He could be easily usurped by Robin Lehner. Lehner certainly had his troubles in Buffalo, but if he’s past those he has flashed being a plus-starter before in both Ottawa and Buffalo. You certainly are rooting for him, and there isn’t much here to keep him from the crease unless Greiss goes off in an unpredictable fashion. Neither would seem to provide enough to cause the Islanders to surprise, however.

Defense: Oooh boy. This is still an outfit that’s going to toss Nick Leddy and Johnny Boychuk out as a top pairing, when both are most certainly second pairing players. The hope will be that Scott Mayfield, Ryan Pulock, and Adam Pelech (and don’t worry if you transpose Pulock and Pelech, You wouldn’t be the first), make THE LEAP. Pulock might be the real keeper of the group, as he was the most dominant possession player they had last season.

It actually could be a nifty unit if two of the three kids can take the biggest responsibilities off of Leddy and Boychuk, who simply have never been up to it. That seems like a big ask of three neophytes who were restricted to second and third pairing duty last year. Also, Thomas Hickey is here to dutifully man the second pairing puck-moving role, as he’ll be doing for the next 45 years it feels like. Hickey is one of those players who define the word, “fine.”

Forwards: It was only natural that as soon as he took the seat in the office wherever the Isles deign to place it these days, Nosferatu Lamiorello saw fit to bring in Matt Martin in a glorious return to New York to get mistaken for Jacob deGrom. He also brought in Leo Komarov to provide…well, a dude who smells bad on the bottom six. Those are basically the only additions to a team that lost John Tavares and still finished with only 80 points last year.

The top six will actually be ok in Tavares’s absence. Barzal will slide up to the top line, and he’s most certainly capable of shouldering that. Jordan Eberle and Anthony Beauvillier are certainly dynamic, shifty wingers who make things happen. Anders Lee will score no matter what, it’s just a matter of whether you should give a shit or not. Brock Nelson will slide back to center, which isn’t his best spot but it’ll do. Josh Bailey has been a sneaky good winger for about five seasons now. You can do worse than that.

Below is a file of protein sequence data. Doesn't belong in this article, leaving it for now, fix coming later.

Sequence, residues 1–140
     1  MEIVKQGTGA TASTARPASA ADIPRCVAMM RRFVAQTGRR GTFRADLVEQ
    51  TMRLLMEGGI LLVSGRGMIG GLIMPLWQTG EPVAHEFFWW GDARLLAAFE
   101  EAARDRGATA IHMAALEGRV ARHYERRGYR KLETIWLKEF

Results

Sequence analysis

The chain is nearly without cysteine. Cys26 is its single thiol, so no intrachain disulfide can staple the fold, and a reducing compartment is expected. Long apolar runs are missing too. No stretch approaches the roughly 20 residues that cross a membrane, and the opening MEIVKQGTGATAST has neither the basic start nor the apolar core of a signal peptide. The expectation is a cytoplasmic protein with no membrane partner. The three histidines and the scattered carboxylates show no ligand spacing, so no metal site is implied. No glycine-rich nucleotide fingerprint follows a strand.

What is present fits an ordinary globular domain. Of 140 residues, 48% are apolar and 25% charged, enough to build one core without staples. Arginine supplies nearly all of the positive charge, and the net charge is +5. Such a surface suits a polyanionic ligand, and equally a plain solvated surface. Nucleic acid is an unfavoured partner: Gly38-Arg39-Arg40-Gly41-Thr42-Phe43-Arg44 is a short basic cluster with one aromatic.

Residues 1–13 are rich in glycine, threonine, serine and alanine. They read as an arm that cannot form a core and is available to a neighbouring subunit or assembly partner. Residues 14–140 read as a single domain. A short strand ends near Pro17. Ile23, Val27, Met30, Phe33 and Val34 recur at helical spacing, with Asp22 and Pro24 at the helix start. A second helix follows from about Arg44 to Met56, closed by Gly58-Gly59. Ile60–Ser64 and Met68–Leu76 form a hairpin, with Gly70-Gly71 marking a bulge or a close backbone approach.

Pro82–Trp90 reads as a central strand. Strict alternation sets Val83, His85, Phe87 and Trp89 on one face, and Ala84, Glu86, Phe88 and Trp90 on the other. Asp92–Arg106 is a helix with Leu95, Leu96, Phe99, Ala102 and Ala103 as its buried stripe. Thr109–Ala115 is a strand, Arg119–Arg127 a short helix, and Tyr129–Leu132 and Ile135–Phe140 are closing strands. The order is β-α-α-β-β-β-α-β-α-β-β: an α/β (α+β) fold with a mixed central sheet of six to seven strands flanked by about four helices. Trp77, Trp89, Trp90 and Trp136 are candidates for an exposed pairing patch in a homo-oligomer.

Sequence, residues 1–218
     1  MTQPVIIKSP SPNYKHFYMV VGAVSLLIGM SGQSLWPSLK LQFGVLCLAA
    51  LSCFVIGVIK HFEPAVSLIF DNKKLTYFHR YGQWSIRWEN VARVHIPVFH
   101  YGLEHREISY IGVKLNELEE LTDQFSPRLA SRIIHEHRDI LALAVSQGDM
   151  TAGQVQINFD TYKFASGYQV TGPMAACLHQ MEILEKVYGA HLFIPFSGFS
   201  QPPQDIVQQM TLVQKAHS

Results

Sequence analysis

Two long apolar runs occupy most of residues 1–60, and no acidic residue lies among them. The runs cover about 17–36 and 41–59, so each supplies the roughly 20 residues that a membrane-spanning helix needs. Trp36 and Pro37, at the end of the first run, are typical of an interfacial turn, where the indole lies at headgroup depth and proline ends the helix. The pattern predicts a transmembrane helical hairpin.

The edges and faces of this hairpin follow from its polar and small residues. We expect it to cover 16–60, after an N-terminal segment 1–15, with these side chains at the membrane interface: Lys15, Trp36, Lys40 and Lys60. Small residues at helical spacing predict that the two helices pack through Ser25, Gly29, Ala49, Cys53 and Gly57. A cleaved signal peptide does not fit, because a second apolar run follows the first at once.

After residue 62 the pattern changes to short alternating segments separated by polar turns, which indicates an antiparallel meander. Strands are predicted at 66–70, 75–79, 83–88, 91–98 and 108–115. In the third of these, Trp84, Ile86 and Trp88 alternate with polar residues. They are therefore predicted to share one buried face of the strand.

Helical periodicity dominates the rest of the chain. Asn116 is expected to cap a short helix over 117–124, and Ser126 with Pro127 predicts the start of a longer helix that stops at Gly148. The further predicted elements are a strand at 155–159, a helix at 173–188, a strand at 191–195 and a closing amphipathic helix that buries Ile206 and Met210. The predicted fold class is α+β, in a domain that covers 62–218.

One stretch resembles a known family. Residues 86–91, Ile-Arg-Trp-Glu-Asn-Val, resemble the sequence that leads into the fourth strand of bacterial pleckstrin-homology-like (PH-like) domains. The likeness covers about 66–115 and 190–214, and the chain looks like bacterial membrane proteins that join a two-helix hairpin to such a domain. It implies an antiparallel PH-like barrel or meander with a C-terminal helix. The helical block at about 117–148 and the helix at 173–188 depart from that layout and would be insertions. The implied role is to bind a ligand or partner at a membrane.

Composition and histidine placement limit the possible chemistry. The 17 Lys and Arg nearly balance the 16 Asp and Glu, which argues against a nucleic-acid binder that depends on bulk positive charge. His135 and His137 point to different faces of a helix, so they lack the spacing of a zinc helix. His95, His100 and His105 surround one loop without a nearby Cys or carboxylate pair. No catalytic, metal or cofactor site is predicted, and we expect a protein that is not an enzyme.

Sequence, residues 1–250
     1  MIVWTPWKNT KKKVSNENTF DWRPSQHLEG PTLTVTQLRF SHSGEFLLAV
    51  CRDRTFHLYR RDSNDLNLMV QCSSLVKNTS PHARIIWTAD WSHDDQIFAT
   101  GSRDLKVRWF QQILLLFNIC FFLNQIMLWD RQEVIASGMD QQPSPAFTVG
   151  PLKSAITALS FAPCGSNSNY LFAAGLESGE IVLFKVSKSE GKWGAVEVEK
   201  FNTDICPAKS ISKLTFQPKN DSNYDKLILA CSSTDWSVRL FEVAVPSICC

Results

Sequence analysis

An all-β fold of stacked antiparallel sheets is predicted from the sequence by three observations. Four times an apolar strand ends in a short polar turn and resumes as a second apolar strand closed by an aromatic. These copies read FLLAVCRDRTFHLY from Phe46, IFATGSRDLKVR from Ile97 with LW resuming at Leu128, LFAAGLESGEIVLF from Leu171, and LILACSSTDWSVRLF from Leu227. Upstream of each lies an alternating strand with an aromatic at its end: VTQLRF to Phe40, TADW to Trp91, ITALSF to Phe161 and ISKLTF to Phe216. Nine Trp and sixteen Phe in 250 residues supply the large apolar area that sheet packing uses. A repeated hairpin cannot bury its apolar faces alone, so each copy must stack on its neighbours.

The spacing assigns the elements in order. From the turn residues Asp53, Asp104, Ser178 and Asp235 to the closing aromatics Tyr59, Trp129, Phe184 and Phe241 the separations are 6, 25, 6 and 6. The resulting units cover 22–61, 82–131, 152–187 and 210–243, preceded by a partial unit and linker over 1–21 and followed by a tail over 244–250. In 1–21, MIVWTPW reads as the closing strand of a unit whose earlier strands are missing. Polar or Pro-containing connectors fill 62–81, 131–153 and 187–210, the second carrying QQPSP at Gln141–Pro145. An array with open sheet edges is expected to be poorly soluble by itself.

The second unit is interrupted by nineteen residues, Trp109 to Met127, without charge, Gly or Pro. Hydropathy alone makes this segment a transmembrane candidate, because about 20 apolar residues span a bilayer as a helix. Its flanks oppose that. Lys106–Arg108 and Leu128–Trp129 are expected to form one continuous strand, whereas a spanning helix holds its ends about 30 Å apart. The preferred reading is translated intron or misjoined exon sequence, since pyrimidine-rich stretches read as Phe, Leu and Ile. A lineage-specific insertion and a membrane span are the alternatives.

But this bottom six…WOOF. The aforementioned Martin and Komarov are going to be a waste of everyone’s time. Cal Clusterfuck is the wrong side of 30 and those who play that kind of style do not age well. Cizikas started to back up last year, and again bottom line centers don’t age well even if he’s only going to be 28. Andrew Ladd died three years ago. Barzal and Nelson are going to have to freak the fuck off this year or the Islanders simply won’t score.

Outlook: Even with Barry Trotz parachuting in here like a neckless Mighty Mouse, they’re up against it. As stated, this was an 80-point team last year that lost one of the best centers in the game and didn’t add much. The goaltending solidifying would be a big help and there’s a chance that could happen, but they look awfully short all over the ice. It’s a rebuilding year, and the goal of the year might be flogging Eberle, Nelson, and Lee at the deadline for whatever can be found. If they can’t be built around, that is. It’s going to be a long year, wherever the Isles call home.

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Dan Saraceni is all things at LighthouseHockey.com. Follow him on Twitter @CultureOfLosing. 

The Isles downfall was a historically bad defense. If you had to portion it out, how much is the personnel on defense, the lack of confidence in either goalie, and Doug Weight’s system?

That’s a good question. I’m not sure if I’ve thought about it in those terms. If you asked 10 different Islanders fans, you’d probably get 10 different answers but for me, I think it’s mostly on the coaching. The personnel isn’t great (playing the husk of Dennis Seidenberg, losing Calvin de Haan for half a season and Johnny Boychuk for a few months doesn’t help) and the goaltending was garbage particularly earlier in the year. So the majority of the blame really could go in any direction. But one of this team’s hallmarks is a steadfast refusal to acknowledge when something isn’t working. When they average 50 shots against for two months and Weight says that nothing’s wrong they just didn’t get a few bounces, you know something is seriously messed up. And when the goalies got better, the shots against remained ridiculous. The bottom two lines have been a clownshow in their own zone all season and no changes seemed to have been made until February, when everything was more or less over already. Weight’s still a rookie, as are Scott Gomez and Fred Brathwaite. But Luke Richardson and Kelly Buchberger have been around the bench for a while. I hoped they’d help Doug out, but it didn’t work that way. Instead, they kept banging their collective heads against a wall all season asking why they had a headache.